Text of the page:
The Apgar test is not designed to predict a baby’s long-term health, behaviour, intelligence or outcome. It is to help healthcare providers tell a newborn’s overall physical condition so they can quickly decide whether the baby needs immediate medical care or not. Most babies are born with an Apgar of nine at one minute, and then 10 by five minutes, losing a point for colour as their little feet are often slightly purple to begin with.
TRANSFERRING FROM THE BIRTHING ROOM AND BABY'S ESSENTIAL CARE
You’ll spend approximately two hours in the delivery room before being transferred to a primary facility, the postnatal ward or home, depending on your preference and whether you need to be monitored. Some babies will need their temperature and respiratory rate checked before each feed. This is because they may have been exposed to things such as group B strep, a common vaginal bacteria that can cause infection in newborns, or to meconium (the first baby poo) during labour, or any other infection risk factors.
If you have diabetes, or if you developed gestational diabetes (GDM) during pregnancy, your baby may need serial blood glucose testing. This may also be suggested if your baby is either small for her gestational age (SGA), or large for her gestational age (LGA), ie above 4.5kg. Blood is taken from your baby’s foot and tested, usually bedside. This is commonly done within the first hour after birth, and then before each feed, until three normal results have been obtained.
Keeping your baby warm is also central to maintaining the wellbeing of your newborn. If your baby is cold, she has to use more energy to keep warm, and this could have a negative impact on her blood sugar levels. Direct skin-to- skin contact is often the best way to keep a baby warm, or to warm a cool baby. Have natural fibres ready to dress her in, such as cotton, wool or merino. Avoid polyesters as these can make babies sweat which can also make them cold. A warm hat will help too.
Your baby is often sleepy in the first 24 hours after the birth. Use this time to get as much rest as possible yourself. From the second night, most babies are hungry and want to feed every one to two hours to meet their nutritive needs and to help bring your milk in. It is important that your baby has access to unrestricted on-demand feeding.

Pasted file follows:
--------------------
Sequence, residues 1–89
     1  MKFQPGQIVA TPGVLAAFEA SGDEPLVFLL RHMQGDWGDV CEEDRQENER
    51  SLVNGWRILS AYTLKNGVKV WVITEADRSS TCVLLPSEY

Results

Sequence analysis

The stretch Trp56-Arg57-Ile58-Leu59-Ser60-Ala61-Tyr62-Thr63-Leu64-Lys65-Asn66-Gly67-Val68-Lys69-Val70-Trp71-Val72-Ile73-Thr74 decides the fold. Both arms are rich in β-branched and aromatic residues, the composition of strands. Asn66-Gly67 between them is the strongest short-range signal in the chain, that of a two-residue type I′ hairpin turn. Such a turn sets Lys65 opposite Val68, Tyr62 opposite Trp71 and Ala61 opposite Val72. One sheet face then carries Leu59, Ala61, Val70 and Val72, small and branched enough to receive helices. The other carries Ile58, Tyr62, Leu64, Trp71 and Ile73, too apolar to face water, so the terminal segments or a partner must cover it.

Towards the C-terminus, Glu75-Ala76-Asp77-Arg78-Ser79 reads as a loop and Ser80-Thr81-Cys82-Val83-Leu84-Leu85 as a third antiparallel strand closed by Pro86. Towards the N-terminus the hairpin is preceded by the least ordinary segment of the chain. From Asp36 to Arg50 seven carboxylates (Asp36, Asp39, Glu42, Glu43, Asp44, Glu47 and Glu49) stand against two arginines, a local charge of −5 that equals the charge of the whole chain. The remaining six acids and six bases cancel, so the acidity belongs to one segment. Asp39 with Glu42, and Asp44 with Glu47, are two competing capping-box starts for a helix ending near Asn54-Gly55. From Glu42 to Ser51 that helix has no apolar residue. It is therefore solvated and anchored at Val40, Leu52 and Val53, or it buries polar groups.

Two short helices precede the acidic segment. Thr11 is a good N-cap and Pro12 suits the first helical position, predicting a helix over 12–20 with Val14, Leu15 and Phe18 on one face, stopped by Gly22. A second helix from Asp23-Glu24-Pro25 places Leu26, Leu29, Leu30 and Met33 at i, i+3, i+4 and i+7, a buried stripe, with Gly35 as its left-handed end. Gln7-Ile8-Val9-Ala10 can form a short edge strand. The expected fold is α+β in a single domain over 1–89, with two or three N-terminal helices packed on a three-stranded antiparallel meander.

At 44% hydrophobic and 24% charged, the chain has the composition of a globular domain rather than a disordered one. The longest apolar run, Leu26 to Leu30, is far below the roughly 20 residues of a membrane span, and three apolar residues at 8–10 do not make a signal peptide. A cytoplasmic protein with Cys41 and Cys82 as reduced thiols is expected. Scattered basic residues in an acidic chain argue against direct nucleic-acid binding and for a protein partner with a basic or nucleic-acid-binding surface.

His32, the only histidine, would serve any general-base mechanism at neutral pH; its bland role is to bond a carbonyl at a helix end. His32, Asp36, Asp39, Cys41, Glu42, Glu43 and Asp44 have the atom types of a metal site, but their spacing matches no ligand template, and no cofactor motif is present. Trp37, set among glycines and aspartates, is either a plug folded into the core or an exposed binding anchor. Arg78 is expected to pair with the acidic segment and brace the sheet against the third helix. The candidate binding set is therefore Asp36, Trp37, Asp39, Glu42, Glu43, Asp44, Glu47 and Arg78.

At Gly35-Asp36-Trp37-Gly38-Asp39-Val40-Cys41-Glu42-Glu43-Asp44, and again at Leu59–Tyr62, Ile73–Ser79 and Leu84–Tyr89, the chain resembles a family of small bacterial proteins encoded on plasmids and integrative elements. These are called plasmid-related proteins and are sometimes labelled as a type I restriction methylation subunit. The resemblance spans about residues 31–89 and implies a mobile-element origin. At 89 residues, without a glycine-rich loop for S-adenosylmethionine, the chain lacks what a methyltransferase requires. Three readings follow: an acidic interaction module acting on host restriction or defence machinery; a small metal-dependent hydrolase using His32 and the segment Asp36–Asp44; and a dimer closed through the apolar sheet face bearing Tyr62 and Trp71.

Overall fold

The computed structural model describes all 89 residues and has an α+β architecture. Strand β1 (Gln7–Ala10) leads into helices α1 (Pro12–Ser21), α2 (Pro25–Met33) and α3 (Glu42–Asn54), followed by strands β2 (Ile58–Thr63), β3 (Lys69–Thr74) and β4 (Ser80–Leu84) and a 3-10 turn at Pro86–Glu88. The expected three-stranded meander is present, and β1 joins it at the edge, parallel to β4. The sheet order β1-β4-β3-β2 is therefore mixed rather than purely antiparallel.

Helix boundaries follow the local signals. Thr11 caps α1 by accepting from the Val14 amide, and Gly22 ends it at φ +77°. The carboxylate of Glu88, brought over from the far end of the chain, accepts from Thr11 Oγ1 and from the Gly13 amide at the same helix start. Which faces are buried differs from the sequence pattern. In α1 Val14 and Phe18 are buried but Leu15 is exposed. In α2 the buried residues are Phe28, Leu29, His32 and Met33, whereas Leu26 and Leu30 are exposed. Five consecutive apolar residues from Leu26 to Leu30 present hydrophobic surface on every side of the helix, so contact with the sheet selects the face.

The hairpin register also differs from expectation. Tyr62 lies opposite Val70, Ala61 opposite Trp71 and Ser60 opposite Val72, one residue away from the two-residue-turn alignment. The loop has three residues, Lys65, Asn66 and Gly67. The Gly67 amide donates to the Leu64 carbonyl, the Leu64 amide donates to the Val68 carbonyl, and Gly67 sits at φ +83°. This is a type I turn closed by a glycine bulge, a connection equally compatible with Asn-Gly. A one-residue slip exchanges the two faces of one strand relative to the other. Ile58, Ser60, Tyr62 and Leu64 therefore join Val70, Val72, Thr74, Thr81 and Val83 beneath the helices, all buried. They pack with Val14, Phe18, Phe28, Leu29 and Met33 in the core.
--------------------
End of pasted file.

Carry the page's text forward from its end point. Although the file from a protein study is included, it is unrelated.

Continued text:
When your baby sleeps, practise ‘safe sleeping’ by having her in her own bed, lying face up, with her face clear of any bedding, and preferably in a non-smoking environment.
If you are an inpatient in a hospital or a birthing unit, you may be offered a hearing screen for your baby in the first 24 hours. It is a simple and safe test, and most babies sleep through it. If your baby does not pass, try not to stress, it’s usually because of fluid remaining in the ear or from environmental factors, and the screening team will organise a repeat test.
Your baby will usually pass meconium and urine in the first 24 hours. The urine output can be small during this time, so if you’re unsure, putting a piece of tissue into baby’s nappy may help. Meconium is the first poo your baby will do. It is thick, blackish-green and very sticky. Some parents like to put a layer of natural oil, such as almond, onto their baby’s skin to help make cleaning easier.
BABY'S FIRST DIP
As midwives, we are often asked to bathe babies soon after they are born. However, we know that the vernix that covers your baby’s skin has an important role to play. One of the primary purposes of vernix is to protect your baby from unwanted pathogens, both in the womb, and out of it. Vernix also helps to insulate your baby and keep her warm. Accordingly, the World Health Organisation recommends you don’t bathe your baby for at least 48 hours. Bathing can usually wait until you return home, and it’s often something grandparents, dads or partners love to help with.
The first 24 hours is an incredible time for all concerned. Give yourself time to adjust to your new role, and try to rest and/or sleep when baby is sleeping, as it’s essential that you’re in a good physical and mental state to be able to cope with all the responsibilities a newborn baby entails. I recommend you only invite carefully selected friends and family to visit you, as this is a very special time for you, your partner and your new addition. Remember, there’ll be plenty of time for visitors in the weeks to come.
Abbe Cherry is an Auckland-based midwife and mother of three.
AS FEATURED IN ISSUE 43 OF OHbaby! MAGAZINE. CHECK OUT OTHER ARTICLES IN THIS ISSUE BELOW